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My life as a PGY-1 resident

minute read

Written by cupharmacy on April 22, 2015

By Norm Fenn, PharmD, Class of 2014

Now that I've been out of pharmacy school for about a year, I can reflect on the education I received at CU and feel strongly that the quality of education I received was extraordinary and absolutely prepared me for residency.

Life as a resident is certainly busy, hectic, and definitely flies by without realizing it.  As I’m writing this, I’m hearing about all the great places that colleagues have matched to and how exciting a time it can be for many, thinking about what the future holds and how each of us is going to make a positive impact on our patients.  Throughout my residency, I have strived to improve on current processes to optimize patient care, present pharmacy services in a positive way, and work cohesively with the healthcare team.  Whether it’s drafting or revising policies, meeting one-on-one with a patient’s family, or implementing new services, I know that I make an impact as a resident.

I started my PGY-1 pharmacy practice residency at Children’s National Medical Center in Washington, DC at the beginning of July, 2014.  During orientation, I got to meet my co-residents, many of the pharmacy staff and tried to get oriented to a new system as quickly as possible.  My first rotation was in administration and barely a week in, I was going to meetings with the Director of Pharmacy and meeting many of the VPs and the CEO.  From there, my clinical rotations progressed through the cardiac and pediatric ICUs, general medicine, BMT and many more.

What kind of responsibilities do I have?  I’m expected to round on patients daily, managing up to fifty patients at a time.  I generally gain more independence as I progress through each rotation, although sometimes I am the only pharmacist on the unit.  I also have my main residency project, a drug monograph, a medication use evaluation, and a drug class review, which are all presented at P&T.  I attend daily, weekly, and monthly meetings.  My days start early and run long, but the training and knowledge I’ve had is and will continue to pay off as I progress through the program.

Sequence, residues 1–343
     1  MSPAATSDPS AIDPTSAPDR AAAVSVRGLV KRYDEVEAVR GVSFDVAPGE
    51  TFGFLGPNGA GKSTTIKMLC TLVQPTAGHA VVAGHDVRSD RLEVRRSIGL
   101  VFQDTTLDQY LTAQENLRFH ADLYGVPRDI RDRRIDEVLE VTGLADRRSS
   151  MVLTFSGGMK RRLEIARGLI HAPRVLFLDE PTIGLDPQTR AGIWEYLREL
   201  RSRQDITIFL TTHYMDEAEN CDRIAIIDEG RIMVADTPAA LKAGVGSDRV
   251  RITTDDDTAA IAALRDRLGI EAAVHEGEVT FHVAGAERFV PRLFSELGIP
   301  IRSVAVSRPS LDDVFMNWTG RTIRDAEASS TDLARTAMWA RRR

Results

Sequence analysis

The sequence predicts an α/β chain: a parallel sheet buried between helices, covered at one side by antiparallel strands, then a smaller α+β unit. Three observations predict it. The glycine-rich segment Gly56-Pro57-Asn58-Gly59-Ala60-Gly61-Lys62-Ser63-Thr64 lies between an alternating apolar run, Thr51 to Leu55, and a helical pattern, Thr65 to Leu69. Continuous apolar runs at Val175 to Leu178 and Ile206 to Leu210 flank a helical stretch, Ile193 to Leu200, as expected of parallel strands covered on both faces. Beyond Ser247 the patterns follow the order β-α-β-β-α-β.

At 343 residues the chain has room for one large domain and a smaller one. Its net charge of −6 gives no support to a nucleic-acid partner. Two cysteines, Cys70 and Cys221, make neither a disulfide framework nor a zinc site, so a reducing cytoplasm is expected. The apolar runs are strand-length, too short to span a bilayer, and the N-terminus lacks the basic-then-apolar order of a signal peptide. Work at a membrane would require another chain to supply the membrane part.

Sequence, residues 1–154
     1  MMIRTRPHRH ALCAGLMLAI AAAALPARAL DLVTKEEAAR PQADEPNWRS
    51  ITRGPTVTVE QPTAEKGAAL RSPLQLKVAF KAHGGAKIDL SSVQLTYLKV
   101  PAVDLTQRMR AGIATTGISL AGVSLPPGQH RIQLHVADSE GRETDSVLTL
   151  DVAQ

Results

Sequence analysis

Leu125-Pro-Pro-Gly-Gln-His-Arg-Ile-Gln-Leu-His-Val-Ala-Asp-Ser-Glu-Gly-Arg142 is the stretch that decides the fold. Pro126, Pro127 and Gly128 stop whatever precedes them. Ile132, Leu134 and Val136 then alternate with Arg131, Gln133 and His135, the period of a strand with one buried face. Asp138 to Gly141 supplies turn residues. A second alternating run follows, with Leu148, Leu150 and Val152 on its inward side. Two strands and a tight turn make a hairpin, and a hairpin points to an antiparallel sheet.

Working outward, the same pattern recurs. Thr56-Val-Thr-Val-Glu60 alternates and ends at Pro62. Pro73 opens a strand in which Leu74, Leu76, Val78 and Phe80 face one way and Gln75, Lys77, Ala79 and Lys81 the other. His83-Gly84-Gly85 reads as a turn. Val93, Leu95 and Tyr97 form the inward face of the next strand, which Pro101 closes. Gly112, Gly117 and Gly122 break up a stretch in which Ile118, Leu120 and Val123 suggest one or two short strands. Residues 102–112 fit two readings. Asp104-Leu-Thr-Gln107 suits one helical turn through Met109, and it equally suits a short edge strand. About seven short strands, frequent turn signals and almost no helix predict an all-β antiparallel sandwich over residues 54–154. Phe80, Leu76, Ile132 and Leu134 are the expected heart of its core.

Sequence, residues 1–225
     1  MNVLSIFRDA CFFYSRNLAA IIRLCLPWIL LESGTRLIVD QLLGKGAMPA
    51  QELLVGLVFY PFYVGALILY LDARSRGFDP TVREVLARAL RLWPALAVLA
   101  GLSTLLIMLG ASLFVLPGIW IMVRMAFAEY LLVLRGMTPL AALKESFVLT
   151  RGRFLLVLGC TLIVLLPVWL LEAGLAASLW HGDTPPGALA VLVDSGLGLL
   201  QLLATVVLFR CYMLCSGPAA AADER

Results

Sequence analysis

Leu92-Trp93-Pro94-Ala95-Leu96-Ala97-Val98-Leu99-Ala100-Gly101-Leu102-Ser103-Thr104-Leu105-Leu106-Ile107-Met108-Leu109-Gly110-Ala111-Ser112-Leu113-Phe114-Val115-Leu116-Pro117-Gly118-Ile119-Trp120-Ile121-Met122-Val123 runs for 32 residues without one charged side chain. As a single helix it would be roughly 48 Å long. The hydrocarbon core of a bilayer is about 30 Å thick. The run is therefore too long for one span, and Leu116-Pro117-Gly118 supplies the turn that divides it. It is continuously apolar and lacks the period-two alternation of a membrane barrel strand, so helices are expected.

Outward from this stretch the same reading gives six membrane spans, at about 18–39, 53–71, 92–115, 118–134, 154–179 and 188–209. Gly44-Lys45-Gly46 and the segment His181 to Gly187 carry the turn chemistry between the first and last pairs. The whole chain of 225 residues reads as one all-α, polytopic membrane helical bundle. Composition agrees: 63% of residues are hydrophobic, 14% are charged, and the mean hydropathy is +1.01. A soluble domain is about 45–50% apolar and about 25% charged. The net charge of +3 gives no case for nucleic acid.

What advice do I have for students considering residency?

  • Residency is a great way to augment your clinical knowledge while getting your feet wet as a new practitioner. I’ve been mentored throughout by patient and understanding preceptors who ensure I’m providing the best service to my patients and the healthcare team.
  • Figure out exactly what you want to get out of your residency. If you’re interested in pediatrics, the VA is likely not the type of program you want, but a free-standing pediatric facility or an adult program with a pediatric rotation may help you in your career path.
  • Prepare early! I got some great advice from past students and residents about getting my CV started first year (or as early as possible). I also reviewed some residency programs early on by attending the Midyear showcase as a 3rd year and going around with some 4th year colleagues. This way I got to observe the interactions, learn about a few programs and prepare for my turn the next year.

I have really enjoyed my experience here and am currently interviewing for a fellowship and also scrambling for a PGY-2 slot.  Stay tuned to see what transpires.

Go Buffs!

Topics: Alumni